Ads Are The New Revenue Driver And Subscribers Growth To Come From Overseas
Last week, Walt Disney announced a better-than-anticipated 26% increase in revenue thanks to record performance at its theme parks sector and the addition of more new subscribers to its main streaming video platform Disney+.
- Walt Disney announced plans for a new ad-supported tier of Disney+ while raising prices on its streaming offerings
- Meanwhile the company cut its subscribers growth forecasts for Disney+ and claimed that almost all of the streaming service's growth is coming from overseas
"Since the launch of Disney+, advertisers have been asking for the opportunity to connect with audiences alongside the most premium brands in content and streaming. As we shared earlier today, the Disney+ ad tier goes live on December 8," Bob Chapek, Disney's Chief Executive Officer during the Q3 earnings call
Walt Disney's earnings release is indicative of the challenges it and competitors like Netflix Inc. face in luring new subscribers. Additionally, in light of the challenging economic climate, some households are reevaluating their in-home entertainment spending.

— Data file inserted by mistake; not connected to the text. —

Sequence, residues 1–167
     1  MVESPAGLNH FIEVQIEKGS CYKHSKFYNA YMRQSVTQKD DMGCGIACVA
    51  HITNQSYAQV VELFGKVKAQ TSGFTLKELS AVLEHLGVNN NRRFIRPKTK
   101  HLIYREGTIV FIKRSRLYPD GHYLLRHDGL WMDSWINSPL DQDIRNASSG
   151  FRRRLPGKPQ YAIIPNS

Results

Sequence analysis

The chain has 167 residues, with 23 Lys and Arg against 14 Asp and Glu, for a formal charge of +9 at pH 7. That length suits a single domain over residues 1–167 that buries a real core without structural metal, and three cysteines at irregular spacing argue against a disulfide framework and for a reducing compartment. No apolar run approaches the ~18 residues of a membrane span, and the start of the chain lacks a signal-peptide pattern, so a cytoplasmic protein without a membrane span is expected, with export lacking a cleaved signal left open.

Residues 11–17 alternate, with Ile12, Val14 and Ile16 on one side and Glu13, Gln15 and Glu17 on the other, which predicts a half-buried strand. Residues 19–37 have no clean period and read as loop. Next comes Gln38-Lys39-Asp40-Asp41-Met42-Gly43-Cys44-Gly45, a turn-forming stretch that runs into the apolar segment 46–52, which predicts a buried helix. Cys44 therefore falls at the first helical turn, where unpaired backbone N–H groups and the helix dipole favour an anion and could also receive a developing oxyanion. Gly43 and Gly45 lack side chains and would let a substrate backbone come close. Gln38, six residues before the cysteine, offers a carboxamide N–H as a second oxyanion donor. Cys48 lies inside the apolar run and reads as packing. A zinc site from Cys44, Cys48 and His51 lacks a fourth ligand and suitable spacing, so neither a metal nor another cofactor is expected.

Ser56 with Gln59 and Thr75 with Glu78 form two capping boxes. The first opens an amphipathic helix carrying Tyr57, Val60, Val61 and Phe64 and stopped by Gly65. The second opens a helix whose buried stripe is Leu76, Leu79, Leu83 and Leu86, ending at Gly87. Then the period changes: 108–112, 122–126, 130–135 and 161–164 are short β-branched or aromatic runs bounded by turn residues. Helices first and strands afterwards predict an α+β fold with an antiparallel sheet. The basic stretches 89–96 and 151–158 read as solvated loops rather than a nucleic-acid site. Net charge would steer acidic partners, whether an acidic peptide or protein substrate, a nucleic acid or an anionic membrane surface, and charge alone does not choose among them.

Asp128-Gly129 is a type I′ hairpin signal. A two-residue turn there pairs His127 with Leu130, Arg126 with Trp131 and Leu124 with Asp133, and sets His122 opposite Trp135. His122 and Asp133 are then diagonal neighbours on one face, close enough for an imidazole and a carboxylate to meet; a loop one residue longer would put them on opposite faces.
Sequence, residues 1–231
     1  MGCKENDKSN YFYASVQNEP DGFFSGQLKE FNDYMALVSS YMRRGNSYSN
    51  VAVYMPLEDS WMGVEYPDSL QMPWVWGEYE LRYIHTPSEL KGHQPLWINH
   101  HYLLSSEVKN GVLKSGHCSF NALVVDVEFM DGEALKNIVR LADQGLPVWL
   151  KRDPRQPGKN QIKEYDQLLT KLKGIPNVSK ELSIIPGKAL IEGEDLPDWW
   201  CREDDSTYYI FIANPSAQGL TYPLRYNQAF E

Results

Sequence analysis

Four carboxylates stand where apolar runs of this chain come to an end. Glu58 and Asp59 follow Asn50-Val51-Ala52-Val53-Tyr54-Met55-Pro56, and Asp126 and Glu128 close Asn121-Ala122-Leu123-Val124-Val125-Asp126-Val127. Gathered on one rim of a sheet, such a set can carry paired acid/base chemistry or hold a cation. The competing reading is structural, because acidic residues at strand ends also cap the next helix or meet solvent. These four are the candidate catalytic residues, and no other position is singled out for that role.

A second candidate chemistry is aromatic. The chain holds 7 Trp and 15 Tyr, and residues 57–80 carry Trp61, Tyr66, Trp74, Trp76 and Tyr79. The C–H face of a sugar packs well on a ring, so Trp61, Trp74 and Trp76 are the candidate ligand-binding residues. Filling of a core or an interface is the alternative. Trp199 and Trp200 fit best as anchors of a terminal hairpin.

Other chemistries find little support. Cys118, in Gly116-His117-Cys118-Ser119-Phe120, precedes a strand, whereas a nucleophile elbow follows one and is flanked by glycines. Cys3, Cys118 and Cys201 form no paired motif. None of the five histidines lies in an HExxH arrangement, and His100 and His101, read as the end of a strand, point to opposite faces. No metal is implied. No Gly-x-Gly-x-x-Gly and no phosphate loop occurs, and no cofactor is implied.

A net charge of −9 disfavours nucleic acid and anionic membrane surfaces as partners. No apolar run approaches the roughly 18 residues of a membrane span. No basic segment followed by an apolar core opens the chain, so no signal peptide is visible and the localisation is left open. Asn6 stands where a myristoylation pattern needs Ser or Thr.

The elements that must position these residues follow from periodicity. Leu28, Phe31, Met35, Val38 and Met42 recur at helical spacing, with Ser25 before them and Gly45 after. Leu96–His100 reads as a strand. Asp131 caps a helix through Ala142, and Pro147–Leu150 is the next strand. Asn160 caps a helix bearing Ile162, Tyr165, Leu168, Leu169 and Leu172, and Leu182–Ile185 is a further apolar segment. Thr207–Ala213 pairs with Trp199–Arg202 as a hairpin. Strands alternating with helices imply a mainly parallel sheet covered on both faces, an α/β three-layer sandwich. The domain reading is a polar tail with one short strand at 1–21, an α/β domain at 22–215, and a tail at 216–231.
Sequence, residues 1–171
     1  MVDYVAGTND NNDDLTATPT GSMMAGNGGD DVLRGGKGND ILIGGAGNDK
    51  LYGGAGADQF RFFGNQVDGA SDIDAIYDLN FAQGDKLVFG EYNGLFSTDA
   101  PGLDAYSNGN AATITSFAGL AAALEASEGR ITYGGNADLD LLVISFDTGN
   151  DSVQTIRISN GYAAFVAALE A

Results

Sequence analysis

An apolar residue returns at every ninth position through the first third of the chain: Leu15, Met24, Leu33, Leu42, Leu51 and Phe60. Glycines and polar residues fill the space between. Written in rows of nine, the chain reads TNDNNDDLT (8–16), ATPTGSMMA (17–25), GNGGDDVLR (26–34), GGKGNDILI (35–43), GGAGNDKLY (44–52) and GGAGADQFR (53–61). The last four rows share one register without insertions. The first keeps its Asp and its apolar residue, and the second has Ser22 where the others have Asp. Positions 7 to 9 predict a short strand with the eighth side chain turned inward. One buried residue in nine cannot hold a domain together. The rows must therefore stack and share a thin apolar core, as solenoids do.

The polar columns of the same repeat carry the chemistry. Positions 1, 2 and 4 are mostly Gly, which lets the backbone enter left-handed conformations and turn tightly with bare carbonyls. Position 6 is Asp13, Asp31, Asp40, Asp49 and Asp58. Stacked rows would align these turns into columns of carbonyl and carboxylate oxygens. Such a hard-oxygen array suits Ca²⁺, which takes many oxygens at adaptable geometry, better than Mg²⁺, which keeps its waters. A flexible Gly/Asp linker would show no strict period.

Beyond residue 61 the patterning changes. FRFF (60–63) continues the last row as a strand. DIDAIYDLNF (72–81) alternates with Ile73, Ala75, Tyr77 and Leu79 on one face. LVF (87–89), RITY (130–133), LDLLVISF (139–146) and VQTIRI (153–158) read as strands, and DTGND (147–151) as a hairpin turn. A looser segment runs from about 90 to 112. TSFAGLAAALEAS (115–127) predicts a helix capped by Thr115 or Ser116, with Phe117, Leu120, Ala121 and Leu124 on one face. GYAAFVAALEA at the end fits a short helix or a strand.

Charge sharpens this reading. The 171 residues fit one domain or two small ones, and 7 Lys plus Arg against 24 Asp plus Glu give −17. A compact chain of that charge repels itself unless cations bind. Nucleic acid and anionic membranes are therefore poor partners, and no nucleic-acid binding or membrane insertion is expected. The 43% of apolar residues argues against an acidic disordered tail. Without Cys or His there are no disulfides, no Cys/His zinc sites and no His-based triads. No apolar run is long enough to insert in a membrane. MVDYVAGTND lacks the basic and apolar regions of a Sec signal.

Streaming Services As New Outlet For Movie Releases
The recent drive by Hollywood studios toward streaming and the reduction or elimination of the exclusive "windows" that theaters have to screen new releases increased the worry among theater operators that Hollywood may not be a trustworthy partner.
In 2020, as the pandemic was hitting movie theaters hard, Warner Bros. announced it would release its entire 2021 slate of theatrical films simultaneously in theaters and on its HBO Max streaming service. The move signaled the shift from big movie studios away from movie theaters and toward in-house streaming services.
“We see an opportunity to do something firmly focused on the fans, which is to provide choice. Whether that choice is to enjoy a great new movie out at the cinema, to open up HBO Max, or to do both.” WarnerMedia CEO Jason Kilar in a memo
- Streaming services, some of which have struggled to find ground-breaking releasers in a competitive market, may see subscriber growth as a result of streaming big releases on their platform rather than in movie theaters
- Movie studios are now judging a film on two metrics: box-office grosses and subscribers growth driven by the release
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